Posted on: December 10, 2011 12:05 pm
By C. Trent Rosecrans
What if players were only permitted to stay with the team that originally made them a professional? No trades, no Rule-5 Draft, no minor or major league free agency ... once you are a professional baseball player, you stay in that organization. This series shows how all 30 teams would look. We give you: Homegrown teams. To view the schedule/past entries of this feature, click here.
If there's an opposite of the Oakland A's and Billy Beane's Moneyball, it's Kenny Williams and the White Sox. The White Sox have not drafted well and searched to fill holes through free agency, spending money and taking big chances in trades. While Williams' way makes him the butt of some jokes and nobody's making a movie about him anytime soon, he does have something Beane doesn't have -- a World Series trophy.
1. Alexei Ramirez, SS
2. Gordon Beckham, 2B
3. Michael Morse, 1B
4. Chris Young, CF
5. Carlos Lee, DH
6. Magglio Ordonez, RF
7. Ryan Sweeney, LF
8. Brent Morel, 3B
9. Chris Stewart, C
1. Mark Buehrle
2. Gio Gonzalez
3. Daniel Hudson
4. Brandon McCarthy
5. Clayton Richard
Closer - Jon Rauch
Set up - Matt Guerrier, Chris Sale, Addison Reed, Boone Logan, John Ely
Long - Lucas Harrell
Notable Bench Players
Not surprisingly, when looking at the state of the organization (and the state of that lineup), the White Sox are thin on bench players, with Dayan Viciedo making a push for the starting lineup as well as Chris Getz on the infield and Mike Cameron in the outfield.
There's no Adam Dunn, for starters. The rotation is good, especially at the top with Buehrle and Gonzalez. The rest of the rotation is good enough, as well. While Rauch isn't the top closer around, the rest of the bullpen is talented.
The lineup isn't going to strike fear into too many pitching staffs, even though there are nice pieces. The corner outfielder and DH are all on the down side of their career. There's also not much depth on the roster among position players.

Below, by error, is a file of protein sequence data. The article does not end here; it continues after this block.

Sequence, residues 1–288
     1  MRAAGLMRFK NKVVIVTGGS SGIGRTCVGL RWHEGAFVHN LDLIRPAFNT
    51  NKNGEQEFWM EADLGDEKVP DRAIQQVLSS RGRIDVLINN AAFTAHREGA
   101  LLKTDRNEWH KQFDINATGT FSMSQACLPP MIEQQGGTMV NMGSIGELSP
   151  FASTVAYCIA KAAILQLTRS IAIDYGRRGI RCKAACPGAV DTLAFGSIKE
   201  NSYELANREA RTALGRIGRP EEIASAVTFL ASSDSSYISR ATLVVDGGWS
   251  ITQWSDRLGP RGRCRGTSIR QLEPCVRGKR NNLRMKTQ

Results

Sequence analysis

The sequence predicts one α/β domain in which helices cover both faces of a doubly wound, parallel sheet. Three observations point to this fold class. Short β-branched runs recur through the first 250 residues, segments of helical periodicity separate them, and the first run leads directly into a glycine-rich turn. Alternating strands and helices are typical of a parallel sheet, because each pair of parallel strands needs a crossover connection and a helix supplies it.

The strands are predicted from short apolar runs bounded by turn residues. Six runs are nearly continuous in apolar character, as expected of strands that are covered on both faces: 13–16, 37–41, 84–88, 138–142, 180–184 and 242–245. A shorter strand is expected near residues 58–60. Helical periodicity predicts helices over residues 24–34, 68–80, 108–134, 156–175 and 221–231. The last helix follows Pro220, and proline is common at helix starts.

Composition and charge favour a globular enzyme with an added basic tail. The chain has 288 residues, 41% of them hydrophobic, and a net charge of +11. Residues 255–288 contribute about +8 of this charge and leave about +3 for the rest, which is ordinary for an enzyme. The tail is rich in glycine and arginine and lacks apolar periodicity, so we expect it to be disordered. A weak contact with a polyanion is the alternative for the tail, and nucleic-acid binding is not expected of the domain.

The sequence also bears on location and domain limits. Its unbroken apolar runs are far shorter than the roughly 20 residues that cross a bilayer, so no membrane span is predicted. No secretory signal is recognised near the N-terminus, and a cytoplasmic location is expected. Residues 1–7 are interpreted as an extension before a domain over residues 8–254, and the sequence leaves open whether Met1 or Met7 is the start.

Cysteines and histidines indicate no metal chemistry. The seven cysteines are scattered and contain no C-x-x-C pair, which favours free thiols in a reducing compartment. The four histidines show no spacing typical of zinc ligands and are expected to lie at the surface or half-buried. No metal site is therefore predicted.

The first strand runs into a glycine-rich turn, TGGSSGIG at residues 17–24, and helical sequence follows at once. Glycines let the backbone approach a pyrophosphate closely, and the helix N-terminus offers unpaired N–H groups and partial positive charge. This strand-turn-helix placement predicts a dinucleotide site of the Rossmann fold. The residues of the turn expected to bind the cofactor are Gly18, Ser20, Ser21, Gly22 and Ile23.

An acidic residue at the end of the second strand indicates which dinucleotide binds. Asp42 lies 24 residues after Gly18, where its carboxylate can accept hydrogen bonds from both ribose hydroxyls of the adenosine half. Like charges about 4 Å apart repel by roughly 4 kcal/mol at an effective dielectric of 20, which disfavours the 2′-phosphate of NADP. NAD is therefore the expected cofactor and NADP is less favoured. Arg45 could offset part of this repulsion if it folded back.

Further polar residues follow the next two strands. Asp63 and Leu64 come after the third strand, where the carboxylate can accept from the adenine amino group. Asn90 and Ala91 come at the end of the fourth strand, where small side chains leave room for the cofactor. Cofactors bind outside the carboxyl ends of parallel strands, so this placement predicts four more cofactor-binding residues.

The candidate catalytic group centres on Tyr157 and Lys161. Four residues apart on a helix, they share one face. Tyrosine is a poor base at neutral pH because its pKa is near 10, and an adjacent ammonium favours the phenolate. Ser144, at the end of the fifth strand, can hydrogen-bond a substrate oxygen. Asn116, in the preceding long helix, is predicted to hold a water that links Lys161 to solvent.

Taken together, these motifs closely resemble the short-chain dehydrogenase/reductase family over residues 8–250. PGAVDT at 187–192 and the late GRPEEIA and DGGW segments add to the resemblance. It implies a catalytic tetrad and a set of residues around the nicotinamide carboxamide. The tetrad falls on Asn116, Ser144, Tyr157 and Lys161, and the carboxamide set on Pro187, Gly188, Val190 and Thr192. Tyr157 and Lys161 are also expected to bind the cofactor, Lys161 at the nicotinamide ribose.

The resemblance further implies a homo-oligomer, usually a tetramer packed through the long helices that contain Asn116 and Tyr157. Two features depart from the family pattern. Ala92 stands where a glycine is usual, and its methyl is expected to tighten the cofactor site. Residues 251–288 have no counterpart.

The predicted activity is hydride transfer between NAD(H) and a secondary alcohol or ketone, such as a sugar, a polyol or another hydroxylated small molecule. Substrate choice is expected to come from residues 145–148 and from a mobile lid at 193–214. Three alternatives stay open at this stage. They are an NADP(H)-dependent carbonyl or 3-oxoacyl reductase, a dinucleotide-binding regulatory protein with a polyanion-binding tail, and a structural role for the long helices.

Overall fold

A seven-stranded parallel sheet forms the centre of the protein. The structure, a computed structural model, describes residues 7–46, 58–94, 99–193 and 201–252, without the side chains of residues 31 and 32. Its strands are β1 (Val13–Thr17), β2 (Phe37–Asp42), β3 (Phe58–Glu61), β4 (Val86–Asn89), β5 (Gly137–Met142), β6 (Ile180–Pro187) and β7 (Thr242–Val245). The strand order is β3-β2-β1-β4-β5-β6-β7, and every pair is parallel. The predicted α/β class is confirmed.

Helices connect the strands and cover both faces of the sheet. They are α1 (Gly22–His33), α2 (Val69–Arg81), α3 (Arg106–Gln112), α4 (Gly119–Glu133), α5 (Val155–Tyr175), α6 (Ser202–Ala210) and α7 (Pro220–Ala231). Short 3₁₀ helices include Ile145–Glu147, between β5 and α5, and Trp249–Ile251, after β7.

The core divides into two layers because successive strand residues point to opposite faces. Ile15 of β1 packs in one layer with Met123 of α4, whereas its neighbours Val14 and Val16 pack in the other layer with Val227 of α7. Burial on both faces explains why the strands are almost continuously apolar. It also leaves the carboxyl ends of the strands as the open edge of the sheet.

Comparison to real 2011
The White Sox finished 79-83 in 2011, thanks to poor seasons from Dunn, Morel, Beckham and Alex Rios. The rotation is likely a little better in real life than this team, while the bullpen is better here than in real life, evening out. The lineup may not put up a lot of runs, but the White Sox didn't, either. The real team has an impact bat in Paul Konerko and a good complimentary piece in Carlos Quentin. This lineup doesn't have those kinds of weapons, so I'm not so sure our hypothetical team could match the 79 wins the White Sox finished with in 2011.
Next: Baltimore Orioles
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Tags: Adam Dunn, Addison Reed, AL Central, Alexi Ramirez, Boone Logan, Brandon McCarthy, Brent Morel, C. Trent Rosecrans, Carlos Lee, Chris Getz, Chris Sale, Chris Stewart, Chris Young, Clayton Richard, Daniel Hudson, Dayan Viciedo, Gio Gonzalez, Gordon Beckham, Homegrown, John Ely, Jon Rauch, Kenny Williams, Lucas Harrell, Magglio Ordonez, Mark Buehrle, Matt Guerrier, Michael Morse, Mike Cameron, Ryan Sweeney, White Sox
Posted on: August 24, 2011 2:53 am
By C. Trent Rosecrans
Sean Burroughs, Diamondbacks: Burroughs' first home run since April 30, 2005, accounted for the only two runs of Tuesday's 2-0 victory over the Nationals, snapping Arizona's six-game losing streak. Ian Kennedy pitched seven shutout innings, but it was Burroughs' shot with one on and one out in the seventh off of Jordan Zimmermann that was the story of the game. Burroughs, 30, hadn't been in the big leagues since 2006 before being called up earlier this year after a disappointing start to his career. Before signing with the Diamondbacks this past offseason, he was battling substance abuse.